Dear Lifehacker, Some of my computers (like my Mac) are always warning me about disconnecting flash drives without ejecting, while Windows doesn't seem to have a problem — in fact, my external USB drive doesn't even have an eject option. Does this mean it's safe? How do I know when I actually need to eject a drive?Sincerely, Concerned About Corruption
This is one of those questions that has a short answer and a long answer. The short answer is this: you should probably always eject a drive before removing it, even if the context menu doesn't have an eject option. Mac and Linux will always provide you a way to eject a drive, but like you said, sometimes Windows doesn't have an obvious "eject" button for certain drives. On Windows, click the "Safely Remove Hardware" icon in the system tray, choose your drive from the list, and then remove it once it notifies you of its safe removal.
Now, the long answer: In Windows, you can sometimes remove a flash drive without ejecting. Here's a bit more information on how computers deal with USB drives.
Why Computers Want You To Eject Drives
Obviously, yanking out a drive while it's being written to could corrupt the data. However, even if the drive isn't actively being written to, you could still corrupt the data. By default, most operating systems use what's called write caching to get better performance out of your computer. When you write a file to another drive — like a flash drive — the OS waits to actually perform those actions until it has a number of requests to fulfil, and then it fulfils them all at once (this is more common when writing small files). When you hit that eject button, it tells your OS to flush the cache — that is, make sure all pending actions have been performed — so you can safely unplug the drive without any data corruption.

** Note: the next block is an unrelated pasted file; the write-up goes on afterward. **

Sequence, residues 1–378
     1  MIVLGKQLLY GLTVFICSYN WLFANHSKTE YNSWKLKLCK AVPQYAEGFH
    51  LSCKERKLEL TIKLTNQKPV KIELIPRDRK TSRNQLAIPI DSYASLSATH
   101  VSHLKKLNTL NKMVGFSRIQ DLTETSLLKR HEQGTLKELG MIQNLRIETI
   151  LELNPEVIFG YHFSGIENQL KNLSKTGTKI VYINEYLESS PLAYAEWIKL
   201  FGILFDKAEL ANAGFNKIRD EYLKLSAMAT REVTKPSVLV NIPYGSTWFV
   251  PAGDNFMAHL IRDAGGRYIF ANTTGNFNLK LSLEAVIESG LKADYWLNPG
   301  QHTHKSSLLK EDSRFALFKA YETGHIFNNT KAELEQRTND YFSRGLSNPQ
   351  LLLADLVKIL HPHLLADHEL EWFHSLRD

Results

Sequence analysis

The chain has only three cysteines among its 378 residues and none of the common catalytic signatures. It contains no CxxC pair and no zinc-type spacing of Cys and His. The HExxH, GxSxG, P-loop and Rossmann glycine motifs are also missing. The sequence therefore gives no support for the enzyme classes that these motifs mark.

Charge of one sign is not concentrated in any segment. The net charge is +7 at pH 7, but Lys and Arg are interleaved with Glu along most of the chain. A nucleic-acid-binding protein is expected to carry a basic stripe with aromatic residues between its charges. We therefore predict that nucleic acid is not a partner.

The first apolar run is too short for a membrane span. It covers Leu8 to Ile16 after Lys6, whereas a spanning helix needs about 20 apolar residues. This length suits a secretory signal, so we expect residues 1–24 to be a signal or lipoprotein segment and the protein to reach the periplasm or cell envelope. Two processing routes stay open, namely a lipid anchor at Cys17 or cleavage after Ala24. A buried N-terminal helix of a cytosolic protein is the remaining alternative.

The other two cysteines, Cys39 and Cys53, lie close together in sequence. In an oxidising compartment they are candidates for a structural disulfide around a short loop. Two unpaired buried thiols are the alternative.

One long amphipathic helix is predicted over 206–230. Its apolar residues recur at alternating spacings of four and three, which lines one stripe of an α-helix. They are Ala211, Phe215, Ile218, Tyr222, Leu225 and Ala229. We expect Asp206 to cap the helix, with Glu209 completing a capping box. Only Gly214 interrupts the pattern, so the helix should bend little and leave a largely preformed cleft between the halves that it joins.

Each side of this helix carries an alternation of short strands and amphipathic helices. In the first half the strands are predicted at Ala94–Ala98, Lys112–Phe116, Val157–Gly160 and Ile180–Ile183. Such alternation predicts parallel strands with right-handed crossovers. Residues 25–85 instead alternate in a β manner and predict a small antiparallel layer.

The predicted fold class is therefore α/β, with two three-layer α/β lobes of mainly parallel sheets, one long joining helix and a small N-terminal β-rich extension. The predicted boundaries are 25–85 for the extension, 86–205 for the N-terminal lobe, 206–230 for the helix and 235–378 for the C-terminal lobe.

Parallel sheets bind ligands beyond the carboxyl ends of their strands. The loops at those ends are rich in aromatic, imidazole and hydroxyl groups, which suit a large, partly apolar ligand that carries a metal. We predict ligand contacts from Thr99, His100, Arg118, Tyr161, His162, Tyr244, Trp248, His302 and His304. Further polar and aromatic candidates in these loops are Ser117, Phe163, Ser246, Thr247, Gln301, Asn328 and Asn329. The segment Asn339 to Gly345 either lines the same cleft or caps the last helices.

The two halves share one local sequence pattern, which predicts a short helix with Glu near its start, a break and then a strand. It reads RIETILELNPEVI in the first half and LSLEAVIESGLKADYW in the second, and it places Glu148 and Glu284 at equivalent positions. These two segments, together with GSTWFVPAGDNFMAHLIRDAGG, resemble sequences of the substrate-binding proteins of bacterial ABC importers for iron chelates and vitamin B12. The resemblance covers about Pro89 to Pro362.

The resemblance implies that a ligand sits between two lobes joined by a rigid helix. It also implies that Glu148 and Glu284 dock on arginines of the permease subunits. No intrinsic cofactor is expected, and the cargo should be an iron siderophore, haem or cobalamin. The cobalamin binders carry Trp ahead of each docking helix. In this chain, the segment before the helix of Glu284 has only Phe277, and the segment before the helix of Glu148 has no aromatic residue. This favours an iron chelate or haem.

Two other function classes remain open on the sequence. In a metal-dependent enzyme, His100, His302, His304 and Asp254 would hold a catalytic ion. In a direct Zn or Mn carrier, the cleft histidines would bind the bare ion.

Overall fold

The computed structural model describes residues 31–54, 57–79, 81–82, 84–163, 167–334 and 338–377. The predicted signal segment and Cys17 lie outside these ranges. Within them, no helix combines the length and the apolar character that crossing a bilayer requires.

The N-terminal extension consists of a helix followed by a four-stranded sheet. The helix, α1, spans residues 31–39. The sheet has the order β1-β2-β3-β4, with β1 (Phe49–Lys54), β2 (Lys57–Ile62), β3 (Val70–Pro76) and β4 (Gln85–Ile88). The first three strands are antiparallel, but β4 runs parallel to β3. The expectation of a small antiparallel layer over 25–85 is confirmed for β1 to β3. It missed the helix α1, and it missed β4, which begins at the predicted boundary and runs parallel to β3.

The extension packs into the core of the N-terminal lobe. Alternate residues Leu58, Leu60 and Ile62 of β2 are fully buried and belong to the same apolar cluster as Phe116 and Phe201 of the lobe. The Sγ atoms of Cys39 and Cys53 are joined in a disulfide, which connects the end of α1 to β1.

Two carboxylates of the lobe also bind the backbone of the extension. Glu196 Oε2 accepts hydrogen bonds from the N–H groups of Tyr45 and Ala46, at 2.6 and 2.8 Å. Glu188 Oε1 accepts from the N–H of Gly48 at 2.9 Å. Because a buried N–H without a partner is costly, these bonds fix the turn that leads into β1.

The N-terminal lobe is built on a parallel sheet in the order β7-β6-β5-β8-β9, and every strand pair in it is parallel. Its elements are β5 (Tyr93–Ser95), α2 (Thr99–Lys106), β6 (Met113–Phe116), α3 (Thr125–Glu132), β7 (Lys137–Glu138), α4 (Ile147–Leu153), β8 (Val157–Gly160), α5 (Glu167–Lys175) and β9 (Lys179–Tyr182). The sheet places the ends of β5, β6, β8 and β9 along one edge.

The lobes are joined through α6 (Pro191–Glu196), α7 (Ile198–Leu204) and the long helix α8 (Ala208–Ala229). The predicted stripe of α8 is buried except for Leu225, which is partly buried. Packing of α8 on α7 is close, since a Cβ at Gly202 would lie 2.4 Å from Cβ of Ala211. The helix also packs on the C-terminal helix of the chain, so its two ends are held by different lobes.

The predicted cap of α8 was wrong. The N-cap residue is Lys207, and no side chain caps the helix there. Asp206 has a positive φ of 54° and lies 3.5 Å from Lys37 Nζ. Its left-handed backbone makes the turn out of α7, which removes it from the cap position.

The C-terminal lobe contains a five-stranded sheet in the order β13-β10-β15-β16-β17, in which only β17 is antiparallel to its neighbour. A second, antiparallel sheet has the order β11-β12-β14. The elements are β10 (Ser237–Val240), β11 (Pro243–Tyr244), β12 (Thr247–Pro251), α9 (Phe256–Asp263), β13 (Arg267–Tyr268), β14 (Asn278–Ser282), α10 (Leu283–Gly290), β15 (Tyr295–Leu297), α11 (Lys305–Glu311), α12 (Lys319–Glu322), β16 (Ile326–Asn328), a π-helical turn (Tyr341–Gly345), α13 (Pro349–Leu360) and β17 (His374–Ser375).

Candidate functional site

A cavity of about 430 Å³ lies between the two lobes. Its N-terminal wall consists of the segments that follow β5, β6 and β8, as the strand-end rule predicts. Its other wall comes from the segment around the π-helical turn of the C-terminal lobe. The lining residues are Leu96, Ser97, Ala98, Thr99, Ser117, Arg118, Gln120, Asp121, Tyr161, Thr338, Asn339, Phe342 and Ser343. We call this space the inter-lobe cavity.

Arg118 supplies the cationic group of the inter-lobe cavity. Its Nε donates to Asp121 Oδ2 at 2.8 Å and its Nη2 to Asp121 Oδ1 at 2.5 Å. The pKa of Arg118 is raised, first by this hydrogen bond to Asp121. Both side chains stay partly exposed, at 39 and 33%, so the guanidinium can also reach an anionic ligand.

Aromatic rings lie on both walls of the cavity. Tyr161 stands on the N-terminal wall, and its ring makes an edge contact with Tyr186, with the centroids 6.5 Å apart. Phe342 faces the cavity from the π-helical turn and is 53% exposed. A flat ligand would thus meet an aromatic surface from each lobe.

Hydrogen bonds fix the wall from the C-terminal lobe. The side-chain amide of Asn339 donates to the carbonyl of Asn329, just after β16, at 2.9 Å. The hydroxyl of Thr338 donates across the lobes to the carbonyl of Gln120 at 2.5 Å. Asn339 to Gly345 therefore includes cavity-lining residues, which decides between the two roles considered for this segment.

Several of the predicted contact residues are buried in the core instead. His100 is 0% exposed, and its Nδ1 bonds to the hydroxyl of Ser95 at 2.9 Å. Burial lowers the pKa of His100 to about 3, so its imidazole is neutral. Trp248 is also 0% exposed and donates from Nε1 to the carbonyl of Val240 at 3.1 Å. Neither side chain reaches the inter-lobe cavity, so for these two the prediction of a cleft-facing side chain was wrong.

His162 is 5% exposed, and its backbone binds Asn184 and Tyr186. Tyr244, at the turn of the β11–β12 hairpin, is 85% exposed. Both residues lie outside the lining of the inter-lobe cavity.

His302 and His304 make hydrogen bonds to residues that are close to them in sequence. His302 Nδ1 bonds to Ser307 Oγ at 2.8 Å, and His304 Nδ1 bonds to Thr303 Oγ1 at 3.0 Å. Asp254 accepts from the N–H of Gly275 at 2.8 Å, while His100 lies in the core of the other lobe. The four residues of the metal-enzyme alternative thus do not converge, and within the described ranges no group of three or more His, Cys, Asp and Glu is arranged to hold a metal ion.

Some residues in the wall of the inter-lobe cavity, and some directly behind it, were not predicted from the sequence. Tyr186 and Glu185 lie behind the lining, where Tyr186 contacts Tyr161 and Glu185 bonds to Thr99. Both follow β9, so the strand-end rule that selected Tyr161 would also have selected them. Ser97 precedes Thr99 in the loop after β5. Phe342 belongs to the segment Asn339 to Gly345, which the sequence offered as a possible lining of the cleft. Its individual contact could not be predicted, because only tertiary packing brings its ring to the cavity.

Why Windows Doesn't Bug You To Do It
Mac and Linux use write caching on pretty much every drive, and will let you eject any drive through your file manager. Windows, however, is a bit more mysterious on this front. It actually disables this write cache feature for drives it sees as "removable", because it knows people are likely to yank them out without ejecting. As such, disabling this feature on removable drives decreases the chance of data corruption. It keeps the cache enabled on non-removable drives, though — and sometimes it recognises external USB drives as not removable, which is why your USB drive doesn't have an eject button. Paradoxically, it's also why you need to eject that drive: since Windows doesn't see it as removable, it has enabled the write cache for it, increasing the chance of data corruption.
You can edit the write cache settings for any drive from the Device Manager. Just expand the Disk Drives section, right click on the drive you want to edit, and hit Properties. Go to the Policies tab, and click the "Quick Removal" radio button to disable the cache (or click "Better Performance" to enable the write cache).
Why You Should Probably Manually Eject All Your USB Drives Anyway
So, unlike OS X and Linux, Windows has a few precautions in place for preventing data loss. However, the write cache isn't the only thing that can cause data loss. Have you ever tried to eject a drive and gotten a "drive is in use" error? Sometimes there's something going on in the background you don't know about, or sometimes a program is just being silly and has still locked a file on the drive even if it isn't using it. If you were to yank it out during one of these situations, you could still cause data loss. Ejecting it will warn you of the situation, and let you close the program in question (or use something like previously mentioned Unlocker to unlock the in-use file).
In the end, there's no reason not to eject your drives, and doing so will ensure you're USB drive's data is uber-safe. Windows users may be less likely to experience issues due to the way Windows handles removable drives, but they aren't 100 per cent protected. Ejecting the drive is a great habit to get into, since without it, you wouldn't always know if it was safe to remove or not.